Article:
Following the loss of life, homes and businesses, the agricultural community is assessing damages from Friday night’s storms that wrecked the landscape for more than 200 miles across five states.
One of the hardest hit communities was Mayfield, Kentucky, where Mayfield Grain Co., is an independent grain elevator with 750,000 bushels of capacity. The grain elevator’s buildings were destroyed and several of its bins damaged.
“First of all, I would like to thank God for showing mercy on my family and our work family,” posted Jake Whitford, one of the family owners of Mayfield Grain, on a Facebook posting.
“We all came out unscathed. The damage is unreal, pictures don’t do it justice. To say we are overwhelmed is correct, but we are also overwhelmed by the outpouring of calls, text, and emails from customers friends, vendors all wanting to lend a hand. I apologize if I have not been able to reply to everyone or answer all the calls. We honestly don’t know where to begin. We need a few days to get a plan together and we will try to update plans of a temporary office.”
Ryan Quarles, Kentucky’s Agriculture commissioner, posted on Facebook that major agricultural related losses continue to grow. He mentioned Mayfield Grain, a John Deere dealership, as well as Pilgrims Pride hatcheries, a University of Kentucky research farm, “multiple chicken houses destroyed; grain systems from Mayfield to Bowling Green; still assessing livestock losses.”
Nearly 30,000 homes and businesses in Kentucky remained without power on Monday morning.
POSSIBLE RECORD-BREAKING TORNADO
DTN Ag Meteorologist John Baranick noted how the tornado could be a record-breaker.
“The storm that went through Mayfield, Kentucky, was from a long-tracked supercell that appears to have put down a continuous damage path of about 250 miles from northeast Arkansas to central Kentucky,” he said.
“It will take days or perhaps weeks for all of the National Weather Service offices that were affected to survey the damage. But if they conclude that it was one tornado, it would be the longest-tracked tornado recorded, beating out the infamous Tri-State Tornado from March 18, 1925, which had a track of 219 miles and killed 695 people. It has already garnered the moniker the Quad-State Tornado by several outlets and individuals as it went through Arkansas, Missouri, Tennessee, and Kentucky.”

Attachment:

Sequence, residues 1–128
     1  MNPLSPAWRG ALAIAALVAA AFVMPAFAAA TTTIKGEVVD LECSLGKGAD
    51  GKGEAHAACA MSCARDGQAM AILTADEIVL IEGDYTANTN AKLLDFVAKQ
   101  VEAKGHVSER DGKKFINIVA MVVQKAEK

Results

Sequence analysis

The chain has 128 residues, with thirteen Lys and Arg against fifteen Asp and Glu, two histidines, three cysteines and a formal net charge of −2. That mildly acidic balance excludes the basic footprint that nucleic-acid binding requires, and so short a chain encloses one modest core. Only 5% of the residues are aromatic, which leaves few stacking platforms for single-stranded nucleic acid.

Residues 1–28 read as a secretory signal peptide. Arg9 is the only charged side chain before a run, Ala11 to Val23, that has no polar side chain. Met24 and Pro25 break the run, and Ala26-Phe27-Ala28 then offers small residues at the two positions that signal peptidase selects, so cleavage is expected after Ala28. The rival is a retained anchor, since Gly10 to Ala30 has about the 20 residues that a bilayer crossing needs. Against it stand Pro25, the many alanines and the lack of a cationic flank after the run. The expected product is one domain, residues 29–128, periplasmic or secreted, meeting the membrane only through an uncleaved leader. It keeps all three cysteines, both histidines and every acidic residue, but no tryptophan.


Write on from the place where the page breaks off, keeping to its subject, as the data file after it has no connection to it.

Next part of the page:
The Storm Prediction Center has reports of 55 tornadoes that occurred on Friday night, but inevitably many of these are from the same tornado, Baranick added.
“Other tornado reports came in from in Missouri, Illinois, Mississippi, Alabama, and Ohio, though I could see the Ohio and Alabama reports eventually being cut out. Another long-tracked storm moved from just north of St. Louis through central Illinois.”
Baranick said there were also 370 wind damage reports from between 6 a.m. Friday and 6 a.m. Saturday, and then another 116 wind damage reports from 6 a.m. to 10 p.m. on Saturday.
DONATIONS BEING ACCEPTED
Quarles said the state was working with Kentucky Farm Bureau and Extension to gather donations and avoid duplications.
Federal Emergency Management Agency has set up an incident base in Fort Campbell, Kentucky, to provide food and basic supplies such as blankets and medical equipment for people. FEMA also opened up at least 11 shelters in Kentucky and three in Tennessee as of Sunday, Associated Press reported.
The American Red Cross also began responding over the weekend as well.
For humanitarian relief in Kentucky, consider donating to www.FeedingKY.org
Donations can also go to www.redcross.org
Editor’s Note: Was your farm or agricultural business affected by the tornadoes or high winds from Friday night? You can share your experiences with firstname.lastname@example.org or our DTN/The Progressive Farmer Facebook page.
Chris Clayton can be reached at Chris.Clayton@dtn.com
Follow him on Twitter @ChrisClaytonDTN